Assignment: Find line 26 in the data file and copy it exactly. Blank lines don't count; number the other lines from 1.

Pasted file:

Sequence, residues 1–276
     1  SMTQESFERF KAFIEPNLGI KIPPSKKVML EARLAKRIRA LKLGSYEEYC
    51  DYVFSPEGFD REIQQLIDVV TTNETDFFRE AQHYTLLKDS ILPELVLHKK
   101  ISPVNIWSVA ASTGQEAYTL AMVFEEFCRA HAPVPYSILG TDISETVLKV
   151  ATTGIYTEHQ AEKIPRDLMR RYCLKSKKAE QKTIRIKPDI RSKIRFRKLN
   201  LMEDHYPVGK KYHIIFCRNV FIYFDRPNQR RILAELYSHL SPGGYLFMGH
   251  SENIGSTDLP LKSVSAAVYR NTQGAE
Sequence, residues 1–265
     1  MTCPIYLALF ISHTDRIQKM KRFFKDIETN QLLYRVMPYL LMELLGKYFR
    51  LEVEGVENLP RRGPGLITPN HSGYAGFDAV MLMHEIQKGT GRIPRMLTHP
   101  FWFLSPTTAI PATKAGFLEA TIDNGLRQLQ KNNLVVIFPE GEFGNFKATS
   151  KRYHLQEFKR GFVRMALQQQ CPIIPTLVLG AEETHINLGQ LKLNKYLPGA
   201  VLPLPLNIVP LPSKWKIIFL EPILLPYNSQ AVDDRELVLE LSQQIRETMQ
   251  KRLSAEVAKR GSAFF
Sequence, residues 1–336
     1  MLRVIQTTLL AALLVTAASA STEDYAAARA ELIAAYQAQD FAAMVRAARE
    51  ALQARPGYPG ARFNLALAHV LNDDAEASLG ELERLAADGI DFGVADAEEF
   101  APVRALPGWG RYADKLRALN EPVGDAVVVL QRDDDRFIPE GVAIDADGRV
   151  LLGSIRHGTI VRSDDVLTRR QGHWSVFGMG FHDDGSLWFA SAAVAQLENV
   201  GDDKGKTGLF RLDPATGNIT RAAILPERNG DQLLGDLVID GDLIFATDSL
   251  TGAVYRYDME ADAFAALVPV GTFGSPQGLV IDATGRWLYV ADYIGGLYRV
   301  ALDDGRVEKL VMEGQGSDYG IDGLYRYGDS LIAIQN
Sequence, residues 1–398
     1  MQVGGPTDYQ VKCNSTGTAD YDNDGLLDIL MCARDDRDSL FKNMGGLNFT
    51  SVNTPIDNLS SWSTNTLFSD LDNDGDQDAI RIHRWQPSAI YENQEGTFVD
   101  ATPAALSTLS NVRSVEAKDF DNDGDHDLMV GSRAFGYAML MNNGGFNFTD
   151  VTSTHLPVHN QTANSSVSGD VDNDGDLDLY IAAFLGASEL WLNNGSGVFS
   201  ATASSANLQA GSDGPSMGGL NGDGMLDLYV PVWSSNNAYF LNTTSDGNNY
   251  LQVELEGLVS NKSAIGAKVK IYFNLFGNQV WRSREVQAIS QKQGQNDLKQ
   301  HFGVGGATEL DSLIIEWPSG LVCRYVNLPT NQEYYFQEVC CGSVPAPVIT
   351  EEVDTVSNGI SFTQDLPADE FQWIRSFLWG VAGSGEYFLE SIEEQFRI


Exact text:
   101  ATPAALSTLS NVRSVEAKDF DNDGDHDLMV GSRAFGYAML MNNGGFNFTD